Threat of Decertification Spurs Owners to Deal

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When I got back from my Saturday morning hoops, as Click and Clack guffawed their way through an automotive conundrum, and I was slugging down breakfast and coffee as quickly as my body could handle it, my wife looked over and said, “You must be happy.”

“Why?” I responded.

“You didn’t hear?  They made a deal.  The season is going to start on Christmas.”

I don’t need to tell you that I did a little snoopy dance in my chair right then and there.  After holding my hands aloft in the air and shouting “I can has hoops” for several minutes, I went online to find details.  But I didn’t care about details.  One side, had come to their senses and salvaged a 66 game season.  Stories were thin at first.  Then, this article surfaced on ESPN, which breaks down some of the key concessions made by owners to the players at the bargaining table.

There’s a lot of info in the article, and a lot of numbers.  What the owners gave to the players – I would not call those concessions in the most common sense of the word – seems pretty meager.  After all, the players are still down 7-9% of the revenue.  Players salary ceilings also went down (except for the biggest superstars, who can retain their wealth by hitting benchmarks).  There’s a tougher cap now, as well, which will curb team spending.  The owners still clearly won the negotiations.  With such a favorable negotiation, it makes me wonder what took them so long.  They won hands down.  They did not, however, crush the players and break their will to the point of ensuring profitability no matter how poorly they manage their franchise.

Jordan must be ticked.

So what brought the owners to their senses, collectively if not individually, and allow them to sign a very favorable deal rather than continue to hold out for an insultingly favorable deal?  It was most certainly the threat of decertification and the ensuing anti-trust lawsuits that brought them back to the table.  We said before, the lawsuits were not a sure thing for the players.  So why was the threat so effective in getting the owners to move from intransigence to good faith?  The threat of decertification, and a potential ruling by a judge that the Association could no longer set salary caps for teams, minimum and max contract amounts, draft players, or otherwise act as a single entity worked like a sledgehammer driving the wedge between the big market and small market teams.  There is no doubt that without the Players Union, everything about how the NBA operates and handles player contracts is monopolistic.  Now, I’m sure there’s plenty of lawyers who could suss out the grey areas in court.  But the bottom line is you cannot force people to be in a union, and if there is no union, the Association could not set forth rules as an association of individual business.  So the options would then be to either conglomerate their businesses, or work independently without over-arching financial guidelines.  And if there’s one thing owners hate more than losing money, it’s sharing it.  Also, big market teams would have a good reason to let the Association dissolve.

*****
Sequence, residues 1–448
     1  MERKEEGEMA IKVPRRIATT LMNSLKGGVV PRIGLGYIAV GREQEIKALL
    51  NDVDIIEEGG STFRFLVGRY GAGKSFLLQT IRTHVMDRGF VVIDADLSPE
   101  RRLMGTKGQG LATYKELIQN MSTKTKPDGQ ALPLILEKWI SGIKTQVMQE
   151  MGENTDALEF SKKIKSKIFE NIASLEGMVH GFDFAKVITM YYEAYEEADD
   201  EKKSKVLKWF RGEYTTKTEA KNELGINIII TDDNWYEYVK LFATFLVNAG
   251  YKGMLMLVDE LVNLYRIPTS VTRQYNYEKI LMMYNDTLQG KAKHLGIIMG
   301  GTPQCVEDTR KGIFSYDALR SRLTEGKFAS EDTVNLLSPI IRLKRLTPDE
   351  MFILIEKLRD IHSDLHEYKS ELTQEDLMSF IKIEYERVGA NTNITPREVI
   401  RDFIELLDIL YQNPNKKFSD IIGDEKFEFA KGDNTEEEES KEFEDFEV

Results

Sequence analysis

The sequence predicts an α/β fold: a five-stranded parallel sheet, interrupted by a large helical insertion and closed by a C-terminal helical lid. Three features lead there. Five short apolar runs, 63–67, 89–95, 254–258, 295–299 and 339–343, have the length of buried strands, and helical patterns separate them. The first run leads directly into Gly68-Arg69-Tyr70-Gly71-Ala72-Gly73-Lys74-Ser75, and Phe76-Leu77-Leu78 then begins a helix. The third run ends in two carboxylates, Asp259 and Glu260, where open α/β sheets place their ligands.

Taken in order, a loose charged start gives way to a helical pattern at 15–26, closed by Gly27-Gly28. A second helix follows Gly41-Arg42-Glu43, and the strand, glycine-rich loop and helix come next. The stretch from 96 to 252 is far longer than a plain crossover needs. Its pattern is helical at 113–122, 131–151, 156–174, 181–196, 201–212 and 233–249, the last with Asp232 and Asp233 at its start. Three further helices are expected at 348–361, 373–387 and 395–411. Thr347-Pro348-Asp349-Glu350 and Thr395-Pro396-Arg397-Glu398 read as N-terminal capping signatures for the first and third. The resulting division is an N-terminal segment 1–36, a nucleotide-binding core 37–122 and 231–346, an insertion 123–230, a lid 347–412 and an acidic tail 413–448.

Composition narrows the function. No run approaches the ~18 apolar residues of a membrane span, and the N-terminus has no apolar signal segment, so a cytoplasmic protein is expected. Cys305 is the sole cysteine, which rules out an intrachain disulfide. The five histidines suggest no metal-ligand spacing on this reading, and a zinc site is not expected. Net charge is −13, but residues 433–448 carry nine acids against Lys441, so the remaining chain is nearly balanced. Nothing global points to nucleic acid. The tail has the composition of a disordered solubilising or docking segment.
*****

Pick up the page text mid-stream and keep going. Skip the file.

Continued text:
With no NBPA and no NBA, you see, the New York Knicks, the Chicago Bulls, the Dallas Mavericks, the Miami Heat, and the Los Angeles Lakers would be free to chase whatever talent they wanted, with as much money as they wanted, for as many years as they wanted.  And that, after all, is exactly what the small market teams wanted assurances would not happen.  They wanted parity to be legislated into the Association, and this CBA seems to be a good first step in that direction.  The contrasting option, an every-team-for-itself league, would have decimated them worse than a full decade of Billy King contracts.

The dirty secret of this lockout was that it wasn’t a rift between the owners and the players that was keeping a deal from happening, it was the rift between the small market and big market teams.

There is no way this CBA resolves these issues permanently.  This fight will come again.  But for now, hoops fans, forget about all of that.  Sit back, an enjoy the thought that you are only one month away from NBA basketball – the worlds finest athletes, playing the world’s best sport, on the world’s biggest stages.  Finally, the fans, the cities, the workers win.

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